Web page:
In the first six months of this year, Baidu also started researching intelligence at its newly established artificial intelligence and brain research center in the United States, since other global IT giants like Google are also showing interest in the area. The research project, featuring renowned brain scientists like Andrew Ong, has already produced intelligence technology as smart as a child at the age of 2 to 3 after studying more than 20 billion units of neurons. Once we obtain artificial intelligence at the level of a teenager’s mind in the future, technologies to apply this intelligence will become new territory.

What are potential areas in which Baidu can cooperate with Korean companies?

As the Internet will continuously lead to changes and jazz up our lives, social networking services [SNS] are one of the most significant directions in which these advancements will occur. I am emphasizing the importance of SNS to our developers and staff.

Joint projects are increasingly being carried out on SNS between Korea and China. Baidu is not just a central platform for Chinese online culture, but also a large marketplace where Korean cultural content such as drama series and K-pop songs can expand their influence in China. About 20 million Chinese bloggers are registered in online Hallyu fandom communities, nearly 40 percent of Korea’s total population.

Technology research and development, I believe, is another area where companies from the two countries can cooperate.

Since Baidu signed an MoU with SM Entertainment in early May, when are you planning to enter the Korean market?

Baidu will have a license to distribute SM’s K-pop music and video content in China. The project is gaining global interest not just because it shows business cooperation between Korea and China, but also as a strategic project between the online and entertainment industries. I believe there will be more such opportunities in the future.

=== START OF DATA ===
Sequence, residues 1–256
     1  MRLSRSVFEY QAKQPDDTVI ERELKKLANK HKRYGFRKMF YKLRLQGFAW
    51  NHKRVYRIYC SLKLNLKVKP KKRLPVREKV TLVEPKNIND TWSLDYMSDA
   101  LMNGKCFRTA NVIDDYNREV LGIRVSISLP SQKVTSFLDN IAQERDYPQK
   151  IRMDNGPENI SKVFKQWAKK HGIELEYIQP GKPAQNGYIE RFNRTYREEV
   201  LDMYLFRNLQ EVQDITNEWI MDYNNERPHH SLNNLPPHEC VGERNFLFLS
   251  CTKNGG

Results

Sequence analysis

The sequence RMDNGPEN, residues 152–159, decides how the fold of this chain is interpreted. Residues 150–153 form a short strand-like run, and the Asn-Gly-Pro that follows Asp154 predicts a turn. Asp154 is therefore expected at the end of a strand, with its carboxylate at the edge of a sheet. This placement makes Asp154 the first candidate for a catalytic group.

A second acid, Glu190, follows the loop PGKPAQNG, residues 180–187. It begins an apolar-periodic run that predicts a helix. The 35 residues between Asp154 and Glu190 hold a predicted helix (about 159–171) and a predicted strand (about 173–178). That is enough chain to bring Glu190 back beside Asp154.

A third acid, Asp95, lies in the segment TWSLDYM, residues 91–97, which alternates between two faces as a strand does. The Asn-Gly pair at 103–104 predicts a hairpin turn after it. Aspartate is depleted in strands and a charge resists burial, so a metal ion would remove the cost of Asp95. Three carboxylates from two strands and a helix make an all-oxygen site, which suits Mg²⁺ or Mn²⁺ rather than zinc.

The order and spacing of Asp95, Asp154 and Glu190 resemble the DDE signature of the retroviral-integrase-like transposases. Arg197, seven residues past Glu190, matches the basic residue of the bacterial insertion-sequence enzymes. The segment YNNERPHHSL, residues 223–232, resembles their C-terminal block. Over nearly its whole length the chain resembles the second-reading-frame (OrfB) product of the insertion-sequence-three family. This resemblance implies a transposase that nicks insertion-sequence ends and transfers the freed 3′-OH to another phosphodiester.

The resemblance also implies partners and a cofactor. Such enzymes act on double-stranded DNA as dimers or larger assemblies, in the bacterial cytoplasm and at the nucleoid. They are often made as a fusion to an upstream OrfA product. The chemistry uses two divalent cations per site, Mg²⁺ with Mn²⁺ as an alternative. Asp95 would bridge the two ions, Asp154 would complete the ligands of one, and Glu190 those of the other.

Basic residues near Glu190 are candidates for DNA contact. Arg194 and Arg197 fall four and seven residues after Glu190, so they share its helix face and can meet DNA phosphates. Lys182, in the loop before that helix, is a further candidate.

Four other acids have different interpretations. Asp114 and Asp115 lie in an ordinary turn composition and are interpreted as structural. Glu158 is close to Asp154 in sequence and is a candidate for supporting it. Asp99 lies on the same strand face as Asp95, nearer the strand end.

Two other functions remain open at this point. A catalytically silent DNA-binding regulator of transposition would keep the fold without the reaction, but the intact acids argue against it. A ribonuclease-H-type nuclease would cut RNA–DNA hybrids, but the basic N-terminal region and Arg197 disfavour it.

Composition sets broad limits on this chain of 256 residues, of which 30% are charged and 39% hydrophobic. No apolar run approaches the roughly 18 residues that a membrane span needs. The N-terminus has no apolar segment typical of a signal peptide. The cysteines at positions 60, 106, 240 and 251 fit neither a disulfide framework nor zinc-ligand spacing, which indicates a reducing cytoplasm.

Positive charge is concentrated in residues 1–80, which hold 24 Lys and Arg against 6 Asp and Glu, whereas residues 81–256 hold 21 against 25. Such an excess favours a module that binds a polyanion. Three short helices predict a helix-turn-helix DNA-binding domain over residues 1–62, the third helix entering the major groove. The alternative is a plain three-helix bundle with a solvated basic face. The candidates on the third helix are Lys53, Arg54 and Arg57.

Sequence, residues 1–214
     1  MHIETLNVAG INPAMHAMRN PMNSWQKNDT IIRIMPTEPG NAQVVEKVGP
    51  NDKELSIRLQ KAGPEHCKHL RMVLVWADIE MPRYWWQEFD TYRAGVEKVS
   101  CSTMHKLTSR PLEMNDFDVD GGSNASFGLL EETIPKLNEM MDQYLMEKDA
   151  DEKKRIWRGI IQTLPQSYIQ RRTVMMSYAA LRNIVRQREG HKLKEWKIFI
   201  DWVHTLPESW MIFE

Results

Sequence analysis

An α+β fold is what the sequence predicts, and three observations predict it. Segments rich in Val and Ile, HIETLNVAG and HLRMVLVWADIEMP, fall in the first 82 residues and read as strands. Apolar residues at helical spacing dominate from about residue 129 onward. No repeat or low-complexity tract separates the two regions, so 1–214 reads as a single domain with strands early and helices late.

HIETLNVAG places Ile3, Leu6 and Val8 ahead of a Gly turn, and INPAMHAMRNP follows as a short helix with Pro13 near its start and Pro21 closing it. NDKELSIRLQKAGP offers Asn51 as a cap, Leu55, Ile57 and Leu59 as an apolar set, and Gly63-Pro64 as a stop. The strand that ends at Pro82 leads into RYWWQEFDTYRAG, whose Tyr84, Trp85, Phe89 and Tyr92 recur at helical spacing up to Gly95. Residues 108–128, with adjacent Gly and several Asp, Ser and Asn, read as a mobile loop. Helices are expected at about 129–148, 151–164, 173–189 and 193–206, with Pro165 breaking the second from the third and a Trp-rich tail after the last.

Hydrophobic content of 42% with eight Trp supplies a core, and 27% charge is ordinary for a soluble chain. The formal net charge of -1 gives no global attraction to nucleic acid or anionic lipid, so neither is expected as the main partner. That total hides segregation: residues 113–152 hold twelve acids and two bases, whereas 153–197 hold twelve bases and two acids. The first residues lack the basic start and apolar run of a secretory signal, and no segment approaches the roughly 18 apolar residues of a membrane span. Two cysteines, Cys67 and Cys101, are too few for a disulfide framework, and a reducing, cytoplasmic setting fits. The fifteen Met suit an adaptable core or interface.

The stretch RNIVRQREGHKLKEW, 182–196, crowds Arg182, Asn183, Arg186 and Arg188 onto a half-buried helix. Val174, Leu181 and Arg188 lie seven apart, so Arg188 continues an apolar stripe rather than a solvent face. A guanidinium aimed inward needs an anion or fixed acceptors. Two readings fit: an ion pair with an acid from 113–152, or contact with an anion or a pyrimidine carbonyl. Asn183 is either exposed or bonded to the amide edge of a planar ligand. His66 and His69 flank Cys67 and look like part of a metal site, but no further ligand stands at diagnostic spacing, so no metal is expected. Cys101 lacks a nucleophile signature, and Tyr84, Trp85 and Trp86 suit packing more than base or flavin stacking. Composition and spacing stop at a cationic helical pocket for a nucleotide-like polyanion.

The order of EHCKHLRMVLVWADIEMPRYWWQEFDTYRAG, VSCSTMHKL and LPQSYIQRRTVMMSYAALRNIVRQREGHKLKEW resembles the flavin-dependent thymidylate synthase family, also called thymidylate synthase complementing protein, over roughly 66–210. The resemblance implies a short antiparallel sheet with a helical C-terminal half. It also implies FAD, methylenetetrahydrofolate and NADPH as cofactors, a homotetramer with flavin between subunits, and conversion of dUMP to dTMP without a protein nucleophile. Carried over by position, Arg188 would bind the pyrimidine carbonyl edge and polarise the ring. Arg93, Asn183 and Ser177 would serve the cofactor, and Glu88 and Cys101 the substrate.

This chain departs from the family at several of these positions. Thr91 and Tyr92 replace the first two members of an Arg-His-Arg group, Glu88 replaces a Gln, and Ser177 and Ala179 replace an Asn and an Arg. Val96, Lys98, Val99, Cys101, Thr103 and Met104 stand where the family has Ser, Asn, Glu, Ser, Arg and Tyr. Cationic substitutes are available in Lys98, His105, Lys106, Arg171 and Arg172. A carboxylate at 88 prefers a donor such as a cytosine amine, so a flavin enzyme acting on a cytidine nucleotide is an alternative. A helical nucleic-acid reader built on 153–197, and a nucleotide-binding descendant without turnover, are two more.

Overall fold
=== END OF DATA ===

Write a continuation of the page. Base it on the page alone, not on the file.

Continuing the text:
China is among the world’s top countries for its number of Internet users, while Korea is one of a few countries with the fastest Internet networks. So, I would like to pursue the Baidu business model, which succeeded at home, in Korea. In particular, I am planning to expand our PhotoWonder, a photo-editing and posting app, in the Korean market although I haven’t decided the timeline yet.

Li obtained an undergraduate degree in information management at Peking University and studied computer science at the University at Buffalo in New York, where he obtained his master’s in 1991. He was known to have been asked if there was a computer in China at his graduate school entrance interview. He started his IT career at Dow Jones, where he created a financial information search program, and The Wall Street Journal, where he edited the newspaper’s online edition.

He also worked as an engineer at Infoseek, a Silicon Valley-based search engine developer, where he realized the potential for new businesses in the field.

Li returned to China in 1999 and created Baidu in an old hotel room the following year. Baidu dominated the entire Chinese online market in its first three years. The company was listed on the Nasdaq in 2005, when it gained the nickname the “Google of China.” The company then entered the Japanese market in 2008.

Li is now one of the richest people in China, with personal assets of about $12.2 billion.